I was wondering when Matt was going to begin torturing his guitar, and it's in the intro to "Hyper Music" that he does. This quickly drops into a Muse-style big riff, and surprisingly moves into a kind of funky passage for the verse. The transistions between the riffs are really quite masterful, and blur the standard structure underneath very well.

"Plug in Baby" is a frequent apparition to MTV watchers, and has a decidedly commercial slant, despite the heavy riffs, and shows why Muse have the respect they do in the industry - for daring to carve their own niche with their own style and approach. It's not a favourite song of mine, as it holds very little analytical interest, outside of Matt's falsetto masterclass, which is frankly awe-inspiring if you appreciate that sort of thing. My main gripe is that I find the repetitve rhythms a little on the annoying side.

"Citizen Erased" builds a massive groove in a fairly predictable style until the spine- chilling change around 1:30, which comes about in a smooth and subtle organic way. A wonderful ambient section follows, spoiled only by some guitar noodling from Matt that meanders around aimlessly. The return of the ambience is not far away, however, and the marvellous swirling organ layer combines perfectly with the walking bass and contrapuntal vocals. Then we smash back into the "massive groove" with some guitar work that sadly flounders quite a lot - Bellamy appears to be trying to imitate Johnny Greenwood, but lacks the latter's flair and feel. No matter, because the music returns to ambient textures - something that Muse as a band are exceptionally good at. The aggressive panning is a little uncomfortable for headphone wearers, but the developing music of the coda remains compelling.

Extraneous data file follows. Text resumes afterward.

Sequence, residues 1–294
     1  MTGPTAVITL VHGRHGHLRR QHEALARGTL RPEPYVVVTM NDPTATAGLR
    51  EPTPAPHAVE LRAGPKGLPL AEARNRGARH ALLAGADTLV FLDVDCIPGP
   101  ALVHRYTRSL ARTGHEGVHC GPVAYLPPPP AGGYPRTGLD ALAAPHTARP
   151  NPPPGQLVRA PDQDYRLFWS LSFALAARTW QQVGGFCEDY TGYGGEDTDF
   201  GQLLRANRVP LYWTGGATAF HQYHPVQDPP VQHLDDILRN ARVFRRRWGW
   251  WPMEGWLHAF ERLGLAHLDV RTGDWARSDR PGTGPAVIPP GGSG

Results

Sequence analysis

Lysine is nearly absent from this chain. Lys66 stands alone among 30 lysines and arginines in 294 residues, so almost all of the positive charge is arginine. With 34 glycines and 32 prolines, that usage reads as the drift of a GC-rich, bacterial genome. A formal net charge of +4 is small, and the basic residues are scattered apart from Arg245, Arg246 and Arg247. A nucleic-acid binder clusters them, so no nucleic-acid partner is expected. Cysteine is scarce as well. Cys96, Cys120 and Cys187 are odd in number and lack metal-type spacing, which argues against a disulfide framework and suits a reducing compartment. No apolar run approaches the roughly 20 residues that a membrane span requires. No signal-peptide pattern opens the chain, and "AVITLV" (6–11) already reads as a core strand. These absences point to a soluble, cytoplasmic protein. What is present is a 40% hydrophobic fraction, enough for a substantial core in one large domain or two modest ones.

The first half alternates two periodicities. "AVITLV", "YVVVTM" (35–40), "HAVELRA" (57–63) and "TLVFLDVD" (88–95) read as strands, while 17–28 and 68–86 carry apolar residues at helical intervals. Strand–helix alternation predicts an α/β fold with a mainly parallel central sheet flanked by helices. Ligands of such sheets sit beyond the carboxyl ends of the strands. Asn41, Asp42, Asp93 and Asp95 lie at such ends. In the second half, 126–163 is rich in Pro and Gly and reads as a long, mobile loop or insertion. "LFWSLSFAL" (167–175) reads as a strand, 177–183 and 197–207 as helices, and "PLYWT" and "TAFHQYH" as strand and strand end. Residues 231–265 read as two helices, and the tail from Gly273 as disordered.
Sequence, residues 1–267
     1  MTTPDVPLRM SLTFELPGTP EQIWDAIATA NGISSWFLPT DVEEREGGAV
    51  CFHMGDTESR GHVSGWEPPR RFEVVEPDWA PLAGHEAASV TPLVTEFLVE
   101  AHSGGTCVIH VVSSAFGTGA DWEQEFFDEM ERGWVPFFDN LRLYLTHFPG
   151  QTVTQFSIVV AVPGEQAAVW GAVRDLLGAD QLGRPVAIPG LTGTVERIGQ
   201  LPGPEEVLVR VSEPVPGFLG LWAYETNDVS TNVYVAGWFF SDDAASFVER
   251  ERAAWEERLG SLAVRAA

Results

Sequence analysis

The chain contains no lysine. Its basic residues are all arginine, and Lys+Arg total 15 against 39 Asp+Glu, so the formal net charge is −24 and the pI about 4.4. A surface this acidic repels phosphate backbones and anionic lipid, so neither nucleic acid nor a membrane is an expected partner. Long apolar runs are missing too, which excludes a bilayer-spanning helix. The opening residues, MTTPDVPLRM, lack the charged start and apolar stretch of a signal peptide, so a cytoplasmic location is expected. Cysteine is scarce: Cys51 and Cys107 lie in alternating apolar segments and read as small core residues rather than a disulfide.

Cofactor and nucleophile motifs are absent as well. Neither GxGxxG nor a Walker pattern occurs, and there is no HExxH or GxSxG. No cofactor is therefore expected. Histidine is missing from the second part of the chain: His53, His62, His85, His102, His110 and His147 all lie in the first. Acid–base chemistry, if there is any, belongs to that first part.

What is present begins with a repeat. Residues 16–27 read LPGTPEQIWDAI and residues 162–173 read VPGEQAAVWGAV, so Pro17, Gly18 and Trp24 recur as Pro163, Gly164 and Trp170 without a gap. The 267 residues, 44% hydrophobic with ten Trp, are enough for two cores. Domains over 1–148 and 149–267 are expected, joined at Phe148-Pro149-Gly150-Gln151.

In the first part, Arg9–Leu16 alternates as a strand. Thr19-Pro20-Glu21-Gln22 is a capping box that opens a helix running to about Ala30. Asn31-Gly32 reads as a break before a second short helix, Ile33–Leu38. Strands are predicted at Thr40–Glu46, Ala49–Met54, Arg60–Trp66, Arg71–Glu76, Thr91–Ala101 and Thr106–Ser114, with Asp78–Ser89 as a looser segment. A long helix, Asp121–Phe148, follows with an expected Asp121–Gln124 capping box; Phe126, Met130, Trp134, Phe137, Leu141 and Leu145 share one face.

Muse explore time signatures a little in "Micro Cuts", with convincing switches between 4/4 and 2/4, giving way to a solid 6/4 and back to 4/4 for the chorus. The quasi-classical influence pervades, and Muse get into the quiet and ambient/loud and crunchy patterns that they are so good at. The codetta is a little unconvincing in places, but with a riff from hell like that, you just gotta stick with it, and wish it was longer!!